California Heartland Episode 919 Transcript

California Heartland is made possible by The James G. Boswell Foundation, committed to sharing the stories and successes of California growers.  Bank of America, bank of opportunity.  Funding provided in part by, The California Farm Bureau Federation, proud publishers of “California Country” magazine.  More information is available at .  And, by the Almond Board of California; California Almonds, loved around the world, grown in California’s Heartland. 

Coming up on California Heartland…

Planting a place for peace-

I know that he's looking down and he's seeing that when the guys come out here they find peace in this garden. 

The heart warming story of how tragedy inspired a San Francisco designer to celebrate the cycle of life in a healing garden..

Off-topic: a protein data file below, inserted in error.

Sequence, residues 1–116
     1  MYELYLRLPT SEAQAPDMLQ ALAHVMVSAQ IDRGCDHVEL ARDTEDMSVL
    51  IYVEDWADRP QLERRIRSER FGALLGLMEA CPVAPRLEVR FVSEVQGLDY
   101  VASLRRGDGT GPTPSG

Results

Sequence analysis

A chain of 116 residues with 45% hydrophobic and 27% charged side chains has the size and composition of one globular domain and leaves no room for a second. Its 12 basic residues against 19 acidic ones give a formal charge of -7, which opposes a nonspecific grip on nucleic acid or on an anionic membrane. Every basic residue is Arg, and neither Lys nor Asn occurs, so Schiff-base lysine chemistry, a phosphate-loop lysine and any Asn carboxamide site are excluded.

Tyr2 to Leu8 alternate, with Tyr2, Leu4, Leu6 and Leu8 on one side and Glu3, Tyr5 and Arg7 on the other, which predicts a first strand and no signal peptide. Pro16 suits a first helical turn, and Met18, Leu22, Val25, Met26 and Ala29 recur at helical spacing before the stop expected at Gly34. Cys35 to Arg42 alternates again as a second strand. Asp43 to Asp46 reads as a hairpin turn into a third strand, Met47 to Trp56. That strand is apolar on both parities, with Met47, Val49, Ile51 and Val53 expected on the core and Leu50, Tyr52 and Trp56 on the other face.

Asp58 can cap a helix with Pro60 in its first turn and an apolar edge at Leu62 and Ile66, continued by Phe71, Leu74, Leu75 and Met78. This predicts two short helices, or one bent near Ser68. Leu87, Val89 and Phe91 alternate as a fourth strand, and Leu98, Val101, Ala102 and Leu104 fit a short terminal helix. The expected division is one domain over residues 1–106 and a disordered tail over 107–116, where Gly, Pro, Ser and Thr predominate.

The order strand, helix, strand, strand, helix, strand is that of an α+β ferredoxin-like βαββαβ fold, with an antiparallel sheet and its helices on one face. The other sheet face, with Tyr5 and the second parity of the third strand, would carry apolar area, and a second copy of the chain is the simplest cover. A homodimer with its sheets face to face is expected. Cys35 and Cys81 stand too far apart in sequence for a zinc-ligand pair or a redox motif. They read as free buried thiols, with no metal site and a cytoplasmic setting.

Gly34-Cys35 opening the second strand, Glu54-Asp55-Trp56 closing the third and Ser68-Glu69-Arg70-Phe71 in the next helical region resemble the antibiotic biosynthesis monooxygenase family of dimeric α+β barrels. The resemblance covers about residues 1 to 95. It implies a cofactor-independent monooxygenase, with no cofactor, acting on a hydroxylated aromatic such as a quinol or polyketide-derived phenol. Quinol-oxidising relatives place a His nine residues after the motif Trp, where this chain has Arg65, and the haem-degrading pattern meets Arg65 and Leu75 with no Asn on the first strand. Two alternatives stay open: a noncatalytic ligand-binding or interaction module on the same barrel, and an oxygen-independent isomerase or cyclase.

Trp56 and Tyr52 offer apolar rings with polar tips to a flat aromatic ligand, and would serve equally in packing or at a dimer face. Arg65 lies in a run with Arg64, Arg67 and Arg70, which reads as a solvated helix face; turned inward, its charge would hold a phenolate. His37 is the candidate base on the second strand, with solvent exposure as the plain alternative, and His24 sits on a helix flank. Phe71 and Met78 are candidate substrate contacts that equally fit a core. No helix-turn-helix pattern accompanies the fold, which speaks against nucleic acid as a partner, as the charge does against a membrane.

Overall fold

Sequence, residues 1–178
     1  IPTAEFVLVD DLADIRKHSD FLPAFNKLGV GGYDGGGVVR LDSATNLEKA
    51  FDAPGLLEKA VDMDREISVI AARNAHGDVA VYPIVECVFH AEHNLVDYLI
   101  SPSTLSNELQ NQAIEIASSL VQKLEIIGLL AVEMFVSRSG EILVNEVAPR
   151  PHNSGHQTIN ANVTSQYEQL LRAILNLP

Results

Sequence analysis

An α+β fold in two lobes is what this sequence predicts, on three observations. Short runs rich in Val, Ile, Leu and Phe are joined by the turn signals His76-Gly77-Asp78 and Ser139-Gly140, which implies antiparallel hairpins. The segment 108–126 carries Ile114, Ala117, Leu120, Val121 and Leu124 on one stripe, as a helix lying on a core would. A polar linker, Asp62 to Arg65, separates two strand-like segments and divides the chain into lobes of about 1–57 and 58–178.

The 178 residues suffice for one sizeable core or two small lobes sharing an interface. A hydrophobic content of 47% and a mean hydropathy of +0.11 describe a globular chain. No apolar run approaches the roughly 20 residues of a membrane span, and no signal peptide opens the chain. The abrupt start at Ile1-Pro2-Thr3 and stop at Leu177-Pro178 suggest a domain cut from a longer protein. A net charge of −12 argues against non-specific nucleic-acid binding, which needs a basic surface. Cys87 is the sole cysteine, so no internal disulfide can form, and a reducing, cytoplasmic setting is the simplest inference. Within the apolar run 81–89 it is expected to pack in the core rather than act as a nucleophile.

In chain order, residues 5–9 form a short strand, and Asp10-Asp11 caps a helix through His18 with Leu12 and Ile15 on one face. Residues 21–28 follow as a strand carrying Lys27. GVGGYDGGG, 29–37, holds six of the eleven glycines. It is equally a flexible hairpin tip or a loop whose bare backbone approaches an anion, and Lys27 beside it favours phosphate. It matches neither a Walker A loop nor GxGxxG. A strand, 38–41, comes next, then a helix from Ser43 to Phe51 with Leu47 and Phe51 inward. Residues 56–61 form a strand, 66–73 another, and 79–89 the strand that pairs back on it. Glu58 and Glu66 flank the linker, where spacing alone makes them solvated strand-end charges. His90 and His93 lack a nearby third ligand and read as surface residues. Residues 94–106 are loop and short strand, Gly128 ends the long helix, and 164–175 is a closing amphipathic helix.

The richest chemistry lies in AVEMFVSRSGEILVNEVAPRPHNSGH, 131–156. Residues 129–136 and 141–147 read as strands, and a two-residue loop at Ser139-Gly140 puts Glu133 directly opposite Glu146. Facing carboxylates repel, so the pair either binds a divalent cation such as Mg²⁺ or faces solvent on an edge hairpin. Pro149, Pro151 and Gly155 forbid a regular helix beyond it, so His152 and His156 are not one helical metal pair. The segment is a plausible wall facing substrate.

I am a little scared of what lies ahead, I would love to keep farming and love for my kids to be involved and carry on what my ancestors did…

Meet one of California’s oldest farming families—fighting to keep their heritage growing—in this midst of a water shortage.

And –

First you have to prepare your fruit-

Everything old is new again—we lift the lid on how to make your own old fashioned preserves!

Chris Burrous: From your backyard, to the back country, in a field, or on your family table, it’s all about what keeps California moving and growing, this is California Heartland.

Topher Delaney: Our worst fear is not that we are inadequate; our deepest fear is that we are powerful beyond measure.  As we are liberated from our own fear, our presence liberates others.  And that’s what a garden is about, a garden is fearless. 

Rob Stewart: Landscape artist Topher Delaney makes healing gardens and uses planting and bushes – as her paints and brushes, each one – planting seeds of change.